Heard Lately #24: Tokyo Tramps Grunge Up Blues Rock

Steven Ovadia
Jan 23 · 4 min read

Haiku of contrition:

Blues. Rock. Grunge. New Wave. Tokyo Tramps have it all. Except Reggaeton.


Artist: Tokyo Tramps
Album: If I Die Tomorrow
Release date: October 15, 2018


The deal. It might be hyperbolic to say that one song can make an album, but a good opening track can certainly suck the listener in. So while I’m a fan of Tokyo Tramps’ If I Die Tomorrow, and enjoyed the entire record, “Flowing Water,” its first track, is what grabbed my attention and drove this review.

Tokyo Tramps are a Boston-based husband and wife grungy rock band. There’s lots of Jimi Hendrix inspired guitar riffs (courtesy of singer/guitarist/husband Satoru Nakagawa) and Mitch Mitchell-inspired drum rolls — the kind that go on so long, you almost feel yourself beginning to lose your balance (courtesy of Tim Carman). The band hits a very specific sweet spot in the overlap between 1990s grunge and 1970s blues rock. What keeps things from degenerating into fuzz is the group’s strong sense of song, and the all-too-occasional vocal contributions from singer/bassist/keyboardist/wife Yukiko Fujii.

The two vocalists provide a compelling contrast. Nakagawa has a blues-scraped voice that sounds like Jim Morrison without the drunken pretentiousness. Fujii’s voice is similarly bluesy, but with a nice bit of indie rock bravado. The two voices work well within the context of the album. When they switch between vocalists, or duet, you’re never left with a feeling of confusion, which sadly, is what often happens to me in multiple singer bands.

While I hate to play favorites, the Fujii-sung tracks work better. Because she doesn’t have that archetypal, husky, whiskey-soaked blues voice (and this is where I finally confess to not quite understanding this expression; is it a voice or a cake?), her songs pop in an interesting way. “Mystery Man” feels almost like an alternative rock track, with Fujii’s voice beautifully unfurling over an urgent beat. She takes occasional, theatrical vocal asides, eventually yielding to a blues rock solo from Nakagawa. “Why” is a funky song that similarly shows off Fujii’s voice, although it’s also an impressive spotlight for her own organ work.

But as much as I appreciate Nakagawa’s voice, “Flowing Water,” sung by Nakagawa, is what captured my heart. Opening with some funky guitar, it builds into an explosive White Stripes chorus, with him pleading “I have faith in you” over and over again. The song eventually moves into a long, trippy, fuzzy solo, coming out of the solo as more of an alt-rock tune. The track is expansive and while it’s just over three and a half minutes, it has so many parts, you feel like it could almost be an album side.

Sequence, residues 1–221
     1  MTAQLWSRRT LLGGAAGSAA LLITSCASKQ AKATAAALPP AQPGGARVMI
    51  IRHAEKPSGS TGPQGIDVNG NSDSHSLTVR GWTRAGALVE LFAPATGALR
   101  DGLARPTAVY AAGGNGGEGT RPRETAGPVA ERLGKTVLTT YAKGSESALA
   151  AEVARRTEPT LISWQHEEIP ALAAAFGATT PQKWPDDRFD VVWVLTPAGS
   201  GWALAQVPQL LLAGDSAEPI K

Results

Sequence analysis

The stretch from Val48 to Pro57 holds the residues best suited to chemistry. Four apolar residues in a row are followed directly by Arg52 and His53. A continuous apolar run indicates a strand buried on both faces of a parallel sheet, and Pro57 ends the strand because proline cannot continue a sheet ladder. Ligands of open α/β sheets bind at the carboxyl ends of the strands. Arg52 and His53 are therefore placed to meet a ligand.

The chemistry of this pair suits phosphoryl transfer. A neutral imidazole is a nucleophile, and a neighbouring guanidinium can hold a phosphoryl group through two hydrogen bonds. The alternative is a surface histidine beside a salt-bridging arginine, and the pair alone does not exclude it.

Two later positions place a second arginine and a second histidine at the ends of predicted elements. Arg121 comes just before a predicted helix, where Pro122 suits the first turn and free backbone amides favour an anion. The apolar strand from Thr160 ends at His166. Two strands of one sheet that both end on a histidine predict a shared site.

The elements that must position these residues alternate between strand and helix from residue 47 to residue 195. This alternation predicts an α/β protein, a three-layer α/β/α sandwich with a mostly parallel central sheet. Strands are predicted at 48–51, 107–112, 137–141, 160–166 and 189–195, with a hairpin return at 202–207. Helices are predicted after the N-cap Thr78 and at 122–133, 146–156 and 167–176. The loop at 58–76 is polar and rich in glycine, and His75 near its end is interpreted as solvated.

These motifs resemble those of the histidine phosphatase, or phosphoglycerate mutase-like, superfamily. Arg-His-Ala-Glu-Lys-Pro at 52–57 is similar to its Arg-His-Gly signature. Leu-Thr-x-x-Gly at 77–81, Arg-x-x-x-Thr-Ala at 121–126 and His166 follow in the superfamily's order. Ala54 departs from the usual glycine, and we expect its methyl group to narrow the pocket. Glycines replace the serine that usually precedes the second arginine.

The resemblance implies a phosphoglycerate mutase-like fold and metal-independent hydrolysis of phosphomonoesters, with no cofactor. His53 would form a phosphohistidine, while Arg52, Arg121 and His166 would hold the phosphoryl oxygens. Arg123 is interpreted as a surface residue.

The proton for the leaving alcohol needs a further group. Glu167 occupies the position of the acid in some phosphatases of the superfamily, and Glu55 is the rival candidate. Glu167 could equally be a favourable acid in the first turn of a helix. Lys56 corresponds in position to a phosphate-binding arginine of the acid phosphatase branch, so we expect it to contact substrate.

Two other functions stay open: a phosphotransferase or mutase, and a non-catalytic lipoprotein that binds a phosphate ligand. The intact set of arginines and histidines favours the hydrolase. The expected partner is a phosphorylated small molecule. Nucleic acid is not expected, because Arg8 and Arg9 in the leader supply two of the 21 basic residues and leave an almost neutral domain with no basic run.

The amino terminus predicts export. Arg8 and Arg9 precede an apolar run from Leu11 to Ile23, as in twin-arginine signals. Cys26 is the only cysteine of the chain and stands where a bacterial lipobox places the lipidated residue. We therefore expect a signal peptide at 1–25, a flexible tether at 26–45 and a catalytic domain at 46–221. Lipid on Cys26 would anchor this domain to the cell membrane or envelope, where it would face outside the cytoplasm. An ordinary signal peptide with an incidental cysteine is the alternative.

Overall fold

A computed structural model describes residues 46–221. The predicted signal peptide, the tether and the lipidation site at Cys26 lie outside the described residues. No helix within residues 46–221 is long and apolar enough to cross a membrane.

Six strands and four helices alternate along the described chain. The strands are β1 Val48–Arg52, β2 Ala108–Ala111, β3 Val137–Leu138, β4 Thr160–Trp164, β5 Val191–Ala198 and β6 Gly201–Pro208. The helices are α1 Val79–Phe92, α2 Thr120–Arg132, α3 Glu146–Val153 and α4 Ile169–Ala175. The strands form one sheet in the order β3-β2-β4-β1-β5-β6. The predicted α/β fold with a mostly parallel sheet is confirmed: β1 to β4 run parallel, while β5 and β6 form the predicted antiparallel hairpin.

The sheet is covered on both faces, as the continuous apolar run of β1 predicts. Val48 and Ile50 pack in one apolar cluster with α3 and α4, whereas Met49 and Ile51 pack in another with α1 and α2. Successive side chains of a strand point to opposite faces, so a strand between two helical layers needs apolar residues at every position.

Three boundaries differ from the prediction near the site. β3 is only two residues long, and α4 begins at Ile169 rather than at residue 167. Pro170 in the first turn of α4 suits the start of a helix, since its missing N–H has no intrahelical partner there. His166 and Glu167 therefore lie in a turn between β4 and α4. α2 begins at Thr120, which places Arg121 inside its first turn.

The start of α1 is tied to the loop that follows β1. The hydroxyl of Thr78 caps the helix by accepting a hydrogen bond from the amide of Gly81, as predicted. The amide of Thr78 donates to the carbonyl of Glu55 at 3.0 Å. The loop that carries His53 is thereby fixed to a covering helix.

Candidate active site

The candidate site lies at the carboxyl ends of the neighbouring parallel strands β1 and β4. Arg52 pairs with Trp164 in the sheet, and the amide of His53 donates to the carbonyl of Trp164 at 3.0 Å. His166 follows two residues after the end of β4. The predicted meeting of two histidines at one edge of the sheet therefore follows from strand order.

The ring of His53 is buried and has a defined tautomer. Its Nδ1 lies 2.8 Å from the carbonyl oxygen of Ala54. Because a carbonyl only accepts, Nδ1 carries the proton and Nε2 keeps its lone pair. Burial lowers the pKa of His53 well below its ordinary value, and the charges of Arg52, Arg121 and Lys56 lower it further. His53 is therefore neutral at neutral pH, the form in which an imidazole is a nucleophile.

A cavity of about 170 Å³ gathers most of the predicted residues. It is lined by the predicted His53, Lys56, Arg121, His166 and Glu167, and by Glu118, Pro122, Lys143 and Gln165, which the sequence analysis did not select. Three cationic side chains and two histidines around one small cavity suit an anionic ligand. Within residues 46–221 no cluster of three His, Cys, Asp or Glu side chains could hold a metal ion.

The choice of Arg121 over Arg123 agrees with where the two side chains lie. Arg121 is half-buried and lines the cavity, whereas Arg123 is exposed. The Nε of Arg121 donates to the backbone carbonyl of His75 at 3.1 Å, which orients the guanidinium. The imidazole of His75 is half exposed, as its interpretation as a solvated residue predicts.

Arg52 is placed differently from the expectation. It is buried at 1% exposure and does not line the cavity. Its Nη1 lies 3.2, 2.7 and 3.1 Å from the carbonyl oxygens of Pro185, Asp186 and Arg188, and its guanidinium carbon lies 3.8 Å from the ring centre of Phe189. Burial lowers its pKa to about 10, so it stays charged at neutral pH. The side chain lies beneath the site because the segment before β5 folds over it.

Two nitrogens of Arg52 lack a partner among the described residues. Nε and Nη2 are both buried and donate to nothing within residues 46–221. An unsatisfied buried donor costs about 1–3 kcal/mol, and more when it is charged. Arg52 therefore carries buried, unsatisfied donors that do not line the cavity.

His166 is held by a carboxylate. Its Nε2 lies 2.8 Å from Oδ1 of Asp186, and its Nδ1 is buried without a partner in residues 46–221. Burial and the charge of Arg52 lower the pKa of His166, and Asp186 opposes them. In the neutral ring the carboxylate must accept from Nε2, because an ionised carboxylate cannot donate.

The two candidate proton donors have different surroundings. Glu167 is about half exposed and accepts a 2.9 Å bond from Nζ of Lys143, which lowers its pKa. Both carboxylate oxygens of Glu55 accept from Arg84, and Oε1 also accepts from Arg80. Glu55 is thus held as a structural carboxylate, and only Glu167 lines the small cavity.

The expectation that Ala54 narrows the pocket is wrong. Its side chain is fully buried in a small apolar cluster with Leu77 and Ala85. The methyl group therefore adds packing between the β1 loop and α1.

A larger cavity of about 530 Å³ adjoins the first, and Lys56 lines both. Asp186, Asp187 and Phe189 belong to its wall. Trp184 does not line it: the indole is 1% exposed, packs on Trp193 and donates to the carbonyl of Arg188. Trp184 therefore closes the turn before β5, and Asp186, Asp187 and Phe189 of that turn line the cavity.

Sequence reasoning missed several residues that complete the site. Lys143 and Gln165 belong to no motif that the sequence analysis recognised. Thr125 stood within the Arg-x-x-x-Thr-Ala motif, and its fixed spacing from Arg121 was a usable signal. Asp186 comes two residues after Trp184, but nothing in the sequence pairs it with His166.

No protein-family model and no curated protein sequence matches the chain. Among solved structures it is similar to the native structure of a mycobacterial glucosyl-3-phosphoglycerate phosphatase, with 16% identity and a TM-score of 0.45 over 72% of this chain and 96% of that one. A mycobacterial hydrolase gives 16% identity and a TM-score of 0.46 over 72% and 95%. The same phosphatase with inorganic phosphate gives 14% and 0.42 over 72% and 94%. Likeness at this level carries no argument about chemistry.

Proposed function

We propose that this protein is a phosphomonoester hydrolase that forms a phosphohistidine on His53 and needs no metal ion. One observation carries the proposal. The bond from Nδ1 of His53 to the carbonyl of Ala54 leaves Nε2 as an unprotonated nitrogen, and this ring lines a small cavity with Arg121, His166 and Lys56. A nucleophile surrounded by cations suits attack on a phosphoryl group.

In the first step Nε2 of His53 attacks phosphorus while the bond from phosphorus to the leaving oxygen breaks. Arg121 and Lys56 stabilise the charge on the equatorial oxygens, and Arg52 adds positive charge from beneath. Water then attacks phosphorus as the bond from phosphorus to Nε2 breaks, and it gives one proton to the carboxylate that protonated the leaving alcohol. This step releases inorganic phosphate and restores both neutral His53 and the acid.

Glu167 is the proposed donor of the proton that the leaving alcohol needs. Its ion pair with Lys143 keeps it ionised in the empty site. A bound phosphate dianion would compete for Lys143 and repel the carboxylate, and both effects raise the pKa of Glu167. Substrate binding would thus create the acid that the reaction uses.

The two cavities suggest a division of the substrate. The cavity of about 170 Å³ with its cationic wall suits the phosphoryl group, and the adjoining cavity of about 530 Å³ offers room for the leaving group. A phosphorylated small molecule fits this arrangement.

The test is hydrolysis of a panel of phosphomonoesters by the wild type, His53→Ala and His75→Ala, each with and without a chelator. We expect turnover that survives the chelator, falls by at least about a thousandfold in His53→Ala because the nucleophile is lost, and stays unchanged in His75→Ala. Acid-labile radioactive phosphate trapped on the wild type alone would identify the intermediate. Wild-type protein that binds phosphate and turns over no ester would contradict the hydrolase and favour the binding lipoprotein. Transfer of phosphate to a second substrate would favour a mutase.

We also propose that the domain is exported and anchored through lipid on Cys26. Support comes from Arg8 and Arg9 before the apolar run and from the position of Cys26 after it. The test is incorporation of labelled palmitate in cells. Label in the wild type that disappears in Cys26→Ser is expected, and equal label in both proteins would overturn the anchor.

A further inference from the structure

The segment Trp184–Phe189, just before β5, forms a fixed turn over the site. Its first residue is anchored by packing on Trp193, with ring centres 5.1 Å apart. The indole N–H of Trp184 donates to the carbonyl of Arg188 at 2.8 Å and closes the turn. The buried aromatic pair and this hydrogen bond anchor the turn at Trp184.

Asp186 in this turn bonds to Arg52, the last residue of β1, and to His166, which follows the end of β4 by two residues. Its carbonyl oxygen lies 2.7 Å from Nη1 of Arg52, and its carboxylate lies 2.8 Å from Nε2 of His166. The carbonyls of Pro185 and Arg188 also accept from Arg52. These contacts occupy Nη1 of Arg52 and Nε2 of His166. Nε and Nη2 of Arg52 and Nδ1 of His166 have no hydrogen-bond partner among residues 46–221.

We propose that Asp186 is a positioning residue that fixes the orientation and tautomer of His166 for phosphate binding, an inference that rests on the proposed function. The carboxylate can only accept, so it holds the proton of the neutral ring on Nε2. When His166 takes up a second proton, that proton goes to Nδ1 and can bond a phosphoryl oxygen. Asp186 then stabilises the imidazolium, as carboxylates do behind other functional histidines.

Straight talk. At this point, I’m concerned the takeaway of this review might be that Nakagawa doesn’t have a great voice, or this is just a one-good-song album. Neither is the case. Nakagawa has a conventional blues/rock voice, which makes sense, given the band’s genre. It works especially well on tracks like “Reprobates, Tramps, And Saints,” which is straight-forward blues/rockabilly. The song also happens to feature some killer slide, to which I’m always partial.

If I Die Tomorrow also has impressive song variety. There are tracks like “Winter Always Turns To Spring,” which could be a North Mississippi Allstars song, and “Bluebird,” which is sort of New Wave Punk. It’s all well done, but when an album pivots that much, it can hard to zero in on what it’s about. I like If I Die a lot, but I do wish there was a little more thematic cohesion between tracks.

The confession. I have no idea where I got this, but I suspect I might have received it digitally and in the mail. Recently, while going through my review pile, I found a hard copy of the album, which I had already decided to review based upon a download. It was only upon writing this that I learned this is an October 2018 release. But I can’t imagine I’ve had this waiting around that long. Even I’m not that bad.

Closing arguments. This might be a little niche, but it happens to be my niche. I love blues rock. I love Hendrix. I love 90s music. It’s almost like a greatest hits album for a band you don’t know very well; each track is almost a separate work. One really good song pulled me into this album, but the rest of the tracks got me hooked on the record as a whole.

The pile

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So much amazing music comes out all of the time. I review what I can as quickly as I can, working my physical and digital piles as efficiently as possible, but things fall between the cracks. Rather than giving up on things that are a little past their prime, contemporary-review-standards-wise, I’m going back for the overflow that deserves to be heard — even if it’s a little late.

Heard Lately

Rather than giving up on reviewing albums that are a little past their prime, contemporary-review-standards-wise, I’m going back for the overflow that deserves to be heard — even if it’s a little late. I’m no hero. I just have a low guilt threshold.

Steven Ovadia

Written by

Hockey lover. Linux lover. Music lover. I write about the latter two.

Heard Lately

Rather than giving up on reviewing albums that are a little past their prime, contemporary-review-standards-wise, I’m going back for the overflow that deserves to be heard — even if it’s a little late. I’m no hero. I just have a low guilt threshold.

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